We flew into Boston a few days early so we could attend their New Year's Eve Gala. It was a lovely night of dancing to the sounds of Shawn Hershey and the Fried Bananas and guest vocalist Jan Marie, hosted by Boston Swing Central. Jan Marie, in addition to being fabulous company and a very talented dancer, has an unbelievable voice. (I told her at dinner a few nights later that she may look like a small white girl, but it is evident from her voice that she is in fact a large black woman.) David and I got all dressed up for the occasion in black and green, but we unfortunately completely failed to get a photo of ourselves.
The evening also had a short break for some entertainment: The Harlem Hobos
The Boston Museum of Science, January 2, 2011
Saturday - New Year's Day - we spent with Grayden and Koren, who were hosting us for the night. We hung out in their kitchen, partaking of an excellent breakfast, courtesy of Koren's housemate, Phil, and Phil's friend, Tasha. After breakfast there was a long period of iPad fascination and chit-chat that culminated in evening plans that never happened. Instead of exploring downtown Boston, David and I explored a hotel swimming pool and some really terrible pizza. I highly recommend a heated swimming pool and pizza as a post-New-Year's-Eve-in-Boston activity.
On Sunday we had brunch at Jacob Wirth, well known for their beer selection and their chowder, both of which turned out to be excellent.
After lunch we were torn between visiting the Robotics exhibit at MIT, the Natural History Museum at Harvard, the New England Aquarium, and/or the Boston Museum of Science. It was a really tough call (yes, I know; we're geeks), and we had originally hoped to get to two of them, but a late start meant we had to pick only one. In the end, we decided on the science museum.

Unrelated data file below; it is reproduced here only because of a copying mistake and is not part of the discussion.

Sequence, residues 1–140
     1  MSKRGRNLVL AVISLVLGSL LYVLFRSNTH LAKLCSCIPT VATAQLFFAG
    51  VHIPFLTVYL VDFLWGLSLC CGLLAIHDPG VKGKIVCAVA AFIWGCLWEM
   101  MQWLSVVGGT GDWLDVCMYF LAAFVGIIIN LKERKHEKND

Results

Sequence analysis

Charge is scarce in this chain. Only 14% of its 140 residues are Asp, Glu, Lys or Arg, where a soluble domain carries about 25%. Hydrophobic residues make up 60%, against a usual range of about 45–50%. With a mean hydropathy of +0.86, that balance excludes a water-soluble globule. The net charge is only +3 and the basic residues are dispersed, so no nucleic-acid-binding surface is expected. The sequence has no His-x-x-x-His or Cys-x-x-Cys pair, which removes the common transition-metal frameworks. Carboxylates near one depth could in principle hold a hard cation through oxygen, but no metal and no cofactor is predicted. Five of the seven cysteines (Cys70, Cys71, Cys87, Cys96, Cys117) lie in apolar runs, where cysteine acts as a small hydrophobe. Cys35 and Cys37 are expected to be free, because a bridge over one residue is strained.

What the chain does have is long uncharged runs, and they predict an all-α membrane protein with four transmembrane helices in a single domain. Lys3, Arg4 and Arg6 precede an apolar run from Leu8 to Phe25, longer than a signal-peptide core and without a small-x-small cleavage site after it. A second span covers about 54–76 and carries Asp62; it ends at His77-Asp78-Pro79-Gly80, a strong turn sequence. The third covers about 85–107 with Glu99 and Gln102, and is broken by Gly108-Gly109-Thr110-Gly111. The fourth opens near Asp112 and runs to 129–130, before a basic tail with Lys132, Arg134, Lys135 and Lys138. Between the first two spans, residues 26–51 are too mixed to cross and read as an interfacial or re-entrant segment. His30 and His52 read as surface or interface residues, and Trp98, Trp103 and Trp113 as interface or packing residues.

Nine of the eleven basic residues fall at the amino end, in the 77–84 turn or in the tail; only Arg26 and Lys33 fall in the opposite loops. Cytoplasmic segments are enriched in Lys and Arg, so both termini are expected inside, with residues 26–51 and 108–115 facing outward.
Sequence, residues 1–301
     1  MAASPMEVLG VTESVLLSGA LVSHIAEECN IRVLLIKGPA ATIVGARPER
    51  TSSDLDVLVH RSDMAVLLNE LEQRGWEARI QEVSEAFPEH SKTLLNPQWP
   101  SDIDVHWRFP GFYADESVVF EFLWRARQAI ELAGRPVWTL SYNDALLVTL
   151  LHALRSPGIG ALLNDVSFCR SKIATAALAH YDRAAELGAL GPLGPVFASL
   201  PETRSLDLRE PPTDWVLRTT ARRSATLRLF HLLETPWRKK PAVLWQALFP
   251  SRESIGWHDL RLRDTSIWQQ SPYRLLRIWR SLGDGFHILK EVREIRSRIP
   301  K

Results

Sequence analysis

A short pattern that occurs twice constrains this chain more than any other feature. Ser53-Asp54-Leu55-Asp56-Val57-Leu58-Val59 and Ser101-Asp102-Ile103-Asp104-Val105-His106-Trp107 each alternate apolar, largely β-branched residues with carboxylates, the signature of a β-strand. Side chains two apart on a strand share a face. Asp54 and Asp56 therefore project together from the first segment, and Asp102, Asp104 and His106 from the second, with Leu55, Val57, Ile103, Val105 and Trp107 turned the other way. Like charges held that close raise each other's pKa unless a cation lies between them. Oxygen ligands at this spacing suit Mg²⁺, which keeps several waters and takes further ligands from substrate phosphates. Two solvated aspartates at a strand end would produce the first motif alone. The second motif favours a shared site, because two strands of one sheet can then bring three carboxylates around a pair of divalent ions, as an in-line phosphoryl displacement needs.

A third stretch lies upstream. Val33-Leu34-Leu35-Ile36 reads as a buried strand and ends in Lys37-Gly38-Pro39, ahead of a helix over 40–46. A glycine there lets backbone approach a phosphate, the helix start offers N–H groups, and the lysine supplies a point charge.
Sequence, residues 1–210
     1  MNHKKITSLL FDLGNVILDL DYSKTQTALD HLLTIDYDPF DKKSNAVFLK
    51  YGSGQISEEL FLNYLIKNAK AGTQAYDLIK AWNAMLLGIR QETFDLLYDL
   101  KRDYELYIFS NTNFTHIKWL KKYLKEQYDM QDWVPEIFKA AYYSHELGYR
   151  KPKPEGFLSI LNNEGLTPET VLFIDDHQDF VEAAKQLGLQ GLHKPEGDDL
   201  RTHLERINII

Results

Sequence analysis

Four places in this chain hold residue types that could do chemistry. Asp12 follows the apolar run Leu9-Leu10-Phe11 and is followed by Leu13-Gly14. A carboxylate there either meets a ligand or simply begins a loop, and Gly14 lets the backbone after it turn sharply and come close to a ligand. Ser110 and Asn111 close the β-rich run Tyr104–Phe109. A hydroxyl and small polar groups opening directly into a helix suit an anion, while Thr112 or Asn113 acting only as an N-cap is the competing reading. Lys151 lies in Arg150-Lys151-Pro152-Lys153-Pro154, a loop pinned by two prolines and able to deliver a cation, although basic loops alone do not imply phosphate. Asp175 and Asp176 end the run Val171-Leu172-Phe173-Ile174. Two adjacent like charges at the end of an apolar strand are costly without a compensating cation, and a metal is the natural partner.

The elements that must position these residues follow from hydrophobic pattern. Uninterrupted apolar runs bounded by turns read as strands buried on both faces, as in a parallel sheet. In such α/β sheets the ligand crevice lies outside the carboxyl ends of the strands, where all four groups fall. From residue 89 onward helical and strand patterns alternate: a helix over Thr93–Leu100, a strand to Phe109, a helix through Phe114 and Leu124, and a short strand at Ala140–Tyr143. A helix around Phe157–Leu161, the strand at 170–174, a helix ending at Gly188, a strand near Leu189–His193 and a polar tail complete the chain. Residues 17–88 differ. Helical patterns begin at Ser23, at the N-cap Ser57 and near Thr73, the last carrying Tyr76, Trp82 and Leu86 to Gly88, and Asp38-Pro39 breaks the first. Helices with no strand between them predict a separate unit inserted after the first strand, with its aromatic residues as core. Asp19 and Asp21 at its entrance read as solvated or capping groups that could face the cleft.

We saw neat exhibits on M.C. Escher, optical illusions, the senses, light, and math.
In the first one, the reds are both the same color and the blues are both the same color. In the second one you have to pick out the one + or O that is not like the others. If you click on the image, you should be able to view the larger image.
When you click the button on any side of this box, the shape(s) hanging on that side dip into the soap solution below and come up with bubbles in the shape. I actually didn't read what mathematical hoopla this proved or demonstrated, because I was so fascinated with the shapes the bubbles made.
There was a lot of cool stuff in the math exhibit; even though I don't particularly care for math, the machines and demonstrations were very impressive. David particularly enjoyed the probability illustration: balls were dropped from the center top of the box, and they fell randomly through the pegs to create a bell curve. [Quote on the probability box: "The theory of probability is nothing more than good sense confirmed by calculation."]